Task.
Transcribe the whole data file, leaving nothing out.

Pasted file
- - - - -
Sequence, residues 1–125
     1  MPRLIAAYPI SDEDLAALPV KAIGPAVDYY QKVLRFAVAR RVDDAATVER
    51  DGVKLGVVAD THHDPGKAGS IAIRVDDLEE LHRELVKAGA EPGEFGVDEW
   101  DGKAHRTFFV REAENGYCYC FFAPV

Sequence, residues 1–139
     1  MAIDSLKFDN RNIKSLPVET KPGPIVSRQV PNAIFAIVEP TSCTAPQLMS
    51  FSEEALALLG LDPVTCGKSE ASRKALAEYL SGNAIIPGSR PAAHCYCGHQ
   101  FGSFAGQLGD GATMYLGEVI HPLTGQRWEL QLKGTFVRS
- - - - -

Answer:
Sequence, residues 1–125
     1  MPRLIAAYPI SDEDLAALPV KAIGPAVDYY QKVLRFAVAR RVDDAATVER
    51  DGVKLGVVAD THHDPGKAGS IAIRVDDLEE LHRELVKAGA EPGEFGVDEW
   101  DGKAHRTFFV REAENGYCYC FFAPV

Sequence, residues 1–139
     1  MAIDSLKFDN RNIKSLPVET KPGPIVSRQV PNAIFAIVEP TSCTAPQLMS
    51  FSEEALALLG LDPVTCGKSE ASRKALAEYL SGNAIIPGSR PAAHCYCGHQ
   101  FGSFAGQLGD GATMYLGEVI HPLTGQRWEL QLKGTFVRS